Paspalum Stigma Vanishes Under Tour Spotlight

 As seen in Golf Business March/April 2022 

By Steve Eubanks:

On the first day of February, a breezy but beautiful Tuesday in Fort Myers, Florida, one of the world’s best female golfers walked to the driving range of the Crown Colony Golf and Country Club to prepare for the Drive On Championship, the third event of the LPGA season. As she pulled a wedge and began her warm-up, her caddie looked at his yardage book and said, “We have paspalum this week.” The player said, “On the greens?” To which the caddie replied, “No, we have paspalum everywhere.” 

The player stopped, looked down at the pristine teeing area where she had just hit her first shots of the week and said, “What is paspalum?” 

If she’d asked that question to someone from the Florida Department of Agriculture, the answer might have been, “It’s a perennial weed, an invasive bunchgrass that smothers other species and has seed heads that are susceptible to fungus and toxic to wildlife.” 

In other words, it’s a blight on the landscape. Kill it.

Paul Bacon, the superintendent at Crown Colony, breaks into a big smile when he hears old-school comments about the grass he now cultivates into a perfect green carpet. Strains of paspalum were engineered for golf-course use because of the grass’s resilience to salt water. Build a course on a seashore–from the cliffs of California to Cape Breton, Nova Scotia–and sea surge and salt mist become a big problem. Paspalum for golf was designed to keep putting surfaces alive.

“There has been a stigma with paspalum,” Bacon said, “There’s been this belief that, as a playing surface, you can’t get it fast and you can’t get it firm. At Crown Colony, we’ve proven those things to be wrong.”

If you’ve never heard of Crown Colony, you aren’t alone. The Ron Garl design has been on the ground for 20 years, just up the road from Florida Gulf Coast University. But when the LPGA’s best players showed up to play there, almost none of them knew it existed, even the ones who lived nearby. Brooke Henderson, the pride of Smiths Falls, Ontario, Canada, actually lives in North Naples, about 15 minutes from Crown Colony. But until the tour added the Drive On to the schedule, Henderson had never heard of the place.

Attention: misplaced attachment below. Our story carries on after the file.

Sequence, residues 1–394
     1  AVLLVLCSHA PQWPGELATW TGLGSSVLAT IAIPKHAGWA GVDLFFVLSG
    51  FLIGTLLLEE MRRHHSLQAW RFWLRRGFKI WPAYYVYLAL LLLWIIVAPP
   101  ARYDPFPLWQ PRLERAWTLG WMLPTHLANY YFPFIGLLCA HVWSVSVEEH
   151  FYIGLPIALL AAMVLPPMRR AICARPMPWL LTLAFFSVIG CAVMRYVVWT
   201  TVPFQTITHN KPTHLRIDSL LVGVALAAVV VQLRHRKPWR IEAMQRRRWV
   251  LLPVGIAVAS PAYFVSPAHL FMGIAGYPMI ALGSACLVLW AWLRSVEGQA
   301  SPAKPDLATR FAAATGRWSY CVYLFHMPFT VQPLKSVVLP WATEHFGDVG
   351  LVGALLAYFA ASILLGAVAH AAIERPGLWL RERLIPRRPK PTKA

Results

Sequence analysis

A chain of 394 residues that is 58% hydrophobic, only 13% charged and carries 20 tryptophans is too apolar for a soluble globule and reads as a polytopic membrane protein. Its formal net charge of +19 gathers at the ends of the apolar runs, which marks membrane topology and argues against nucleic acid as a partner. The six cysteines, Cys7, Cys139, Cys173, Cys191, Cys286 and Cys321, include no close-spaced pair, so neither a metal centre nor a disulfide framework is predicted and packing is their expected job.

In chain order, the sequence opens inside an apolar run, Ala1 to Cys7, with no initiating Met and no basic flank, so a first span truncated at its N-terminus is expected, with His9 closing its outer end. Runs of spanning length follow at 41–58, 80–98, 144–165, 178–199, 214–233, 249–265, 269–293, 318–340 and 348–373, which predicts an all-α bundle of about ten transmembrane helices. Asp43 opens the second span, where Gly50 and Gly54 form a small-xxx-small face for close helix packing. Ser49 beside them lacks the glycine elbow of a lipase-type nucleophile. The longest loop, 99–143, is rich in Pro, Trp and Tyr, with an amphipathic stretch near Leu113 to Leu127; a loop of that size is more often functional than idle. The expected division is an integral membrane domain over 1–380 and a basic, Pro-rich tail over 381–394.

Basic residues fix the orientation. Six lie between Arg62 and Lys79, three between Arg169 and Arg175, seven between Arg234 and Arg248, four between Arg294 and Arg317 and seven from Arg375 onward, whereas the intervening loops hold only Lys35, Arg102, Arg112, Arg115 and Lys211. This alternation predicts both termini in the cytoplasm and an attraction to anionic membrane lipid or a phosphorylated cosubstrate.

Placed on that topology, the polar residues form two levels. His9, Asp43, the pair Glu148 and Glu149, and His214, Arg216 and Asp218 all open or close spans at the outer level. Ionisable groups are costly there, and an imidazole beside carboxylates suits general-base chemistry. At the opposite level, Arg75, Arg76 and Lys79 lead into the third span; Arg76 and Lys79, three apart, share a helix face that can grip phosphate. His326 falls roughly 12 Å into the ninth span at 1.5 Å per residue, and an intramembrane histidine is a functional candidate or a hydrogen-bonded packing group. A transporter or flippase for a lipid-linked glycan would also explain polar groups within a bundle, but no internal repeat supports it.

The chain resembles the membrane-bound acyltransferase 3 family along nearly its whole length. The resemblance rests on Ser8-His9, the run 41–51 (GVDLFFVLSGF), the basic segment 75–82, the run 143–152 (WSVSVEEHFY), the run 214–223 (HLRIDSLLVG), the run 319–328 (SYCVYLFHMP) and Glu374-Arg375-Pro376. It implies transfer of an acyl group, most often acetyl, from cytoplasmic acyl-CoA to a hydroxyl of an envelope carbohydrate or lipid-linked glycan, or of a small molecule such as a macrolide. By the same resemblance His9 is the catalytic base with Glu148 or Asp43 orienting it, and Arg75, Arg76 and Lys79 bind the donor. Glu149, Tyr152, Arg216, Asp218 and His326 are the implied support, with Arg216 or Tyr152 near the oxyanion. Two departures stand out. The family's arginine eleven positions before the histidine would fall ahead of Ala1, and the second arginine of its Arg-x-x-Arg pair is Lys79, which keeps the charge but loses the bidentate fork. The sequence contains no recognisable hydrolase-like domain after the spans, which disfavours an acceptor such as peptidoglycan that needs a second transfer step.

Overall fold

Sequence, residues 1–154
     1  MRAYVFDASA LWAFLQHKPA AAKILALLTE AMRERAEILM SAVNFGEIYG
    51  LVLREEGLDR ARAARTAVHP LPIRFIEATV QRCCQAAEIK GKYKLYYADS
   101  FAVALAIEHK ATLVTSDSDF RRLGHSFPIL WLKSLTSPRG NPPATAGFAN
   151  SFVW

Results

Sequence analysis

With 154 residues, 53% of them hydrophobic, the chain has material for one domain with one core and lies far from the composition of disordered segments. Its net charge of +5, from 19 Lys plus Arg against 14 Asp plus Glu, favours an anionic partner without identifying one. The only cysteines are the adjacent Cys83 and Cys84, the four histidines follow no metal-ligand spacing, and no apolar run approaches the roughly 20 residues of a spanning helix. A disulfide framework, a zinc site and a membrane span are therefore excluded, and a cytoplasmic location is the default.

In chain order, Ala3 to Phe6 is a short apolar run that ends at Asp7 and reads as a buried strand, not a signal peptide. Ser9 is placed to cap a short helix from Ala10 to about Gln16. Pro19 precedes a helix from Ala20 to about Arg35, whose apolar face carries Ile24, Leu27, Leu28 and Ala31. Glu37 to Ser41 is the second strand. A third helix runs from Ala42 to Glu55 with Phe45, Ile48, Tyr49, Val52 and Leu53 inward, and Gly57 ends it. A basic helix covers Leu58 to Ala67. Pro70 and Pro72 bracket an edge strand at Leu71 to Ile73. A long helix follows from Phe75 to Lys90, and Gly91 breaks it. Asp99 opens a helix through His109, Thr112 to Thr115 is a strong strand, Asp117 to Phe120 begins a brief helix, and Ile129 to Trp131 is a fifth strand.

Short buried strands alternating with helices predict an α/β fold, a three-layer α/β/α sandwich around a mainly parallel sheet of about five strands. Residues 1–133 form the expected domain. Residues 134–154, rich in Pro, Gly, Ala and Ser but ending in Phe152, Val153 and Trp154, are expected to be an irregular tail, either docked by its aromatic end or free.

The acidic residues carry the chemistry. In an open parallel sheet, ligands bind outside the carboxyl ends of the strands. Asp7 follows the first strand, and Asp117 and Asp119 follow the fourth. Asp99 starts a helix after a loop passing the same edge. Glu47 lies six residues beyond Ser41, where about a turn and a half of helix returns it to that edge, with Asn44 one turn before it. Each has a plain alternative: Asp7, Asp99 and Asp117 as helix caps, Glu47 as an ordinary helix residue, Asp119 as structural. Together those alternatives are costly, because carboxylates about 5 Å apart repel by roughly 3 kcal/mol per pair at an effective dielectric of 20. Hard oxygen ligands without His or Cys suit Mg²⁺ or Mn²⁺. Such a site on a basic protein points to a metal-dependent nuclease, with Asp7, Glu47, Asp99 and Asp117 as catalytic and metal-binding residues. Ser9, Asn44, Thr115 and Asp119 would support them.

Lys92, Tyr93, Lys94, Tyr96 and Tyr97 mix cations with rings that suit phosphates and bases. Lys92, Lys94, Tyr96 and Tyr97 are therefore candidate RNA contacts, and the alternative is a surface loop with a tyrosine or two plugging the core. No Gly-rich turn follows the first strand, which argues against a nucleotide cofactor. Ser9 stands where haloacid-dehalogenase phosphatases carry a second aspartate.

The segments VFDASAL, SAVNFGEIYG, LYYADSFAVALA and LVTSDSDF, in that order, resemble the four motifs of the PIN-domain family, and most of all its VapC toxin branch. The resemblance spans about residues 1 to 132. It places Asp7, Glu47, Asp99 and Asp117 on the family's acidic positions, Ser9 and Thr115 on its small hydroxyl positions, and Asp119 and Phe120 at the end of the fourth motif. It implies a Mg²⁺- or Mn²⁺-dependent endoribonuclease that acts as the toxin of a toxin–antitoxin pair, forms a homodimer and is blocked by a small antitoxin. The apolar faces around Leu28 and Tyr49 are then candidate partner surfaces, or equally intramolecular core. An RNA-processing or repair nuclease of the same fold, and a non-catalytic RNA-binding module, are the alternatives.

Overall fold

“I didn’t know much about it, for sure,” Henderson said after playing a practice round. “But it’s super nice. The greens are in really good shape, firm and fast and the course overall is in really good condition.”

Then Henderson cocked her head and said, “I understand that it’s a different type of grass?”    

“That’s the thing now,” Bacon said. “Fewer and fewer players can tell the difference.

“When I was interviewing for the job here a couple of years ago, I didn’t know anything about the course. But I was a paspalum guy, and I knew that Crown Colony was paspalum. But I wasn’t even sure where in Fort Myers it was. Then, when I came through the front gate and saw an island green, I was like ‘okay, this has some features to it.’”

But the architecture, while good for that part of South Florida, is not what makes Crown Colony worthy of national attention. The grass, and the reason for it, is why you should care.

Crown Colony is eight miles inland from Fort Myers Beach and the Gulf of Mexico. You’re a good 15-minute drive from the nearest saltwater wave. Yet, the developers chose to go with paspalum anyway.

“This was the first course in Florida to select paspalum not because of water selection,” Bacon said. “Most courses go with it because they know that they will be using a sodium-heavy water source or because you’re close enough to the ocean to have saltwater on the surfaces. This course was not done that way. They selected paspalum because of the aesthetics and the playability. But it turns out, the water we get (from the city) does have a pretty high sodium count.”

The putting surfaces are SeaDwarf Paspalum, a denser grass that can tolerate lower mowing heights. The knock on it was always its soft, spongy feel.

No more. Leona Maguire, who won the Drive On Championship, couldn’t stop raving about the quality of the greens. “They’re really firm and fast, which is great,” Maguire said. “The entire course, really, was just in excellent condition.” 

“There has always been a good foundation out here,” Bacon said. “The structure of the course was laid out from the beginning as a good members’ course but also one where we can tip it out and make it a challenge for the elite players. Now, we’ve got the playing surfaces where they need to be to challenge the very best in the world. That’s special.”  

Earlier in the week, Henderson compared Crown Colony to Miramar Lakes, the course where she plays when she isn’t on the road with the LPGA Tour. The only difference is Miramar Lakes is wall-to-wall bermudagrass.  

“It’s a good compliment that people don’t know what surface they were playing,” Bacon said. “We just want everyone to think it’s good.”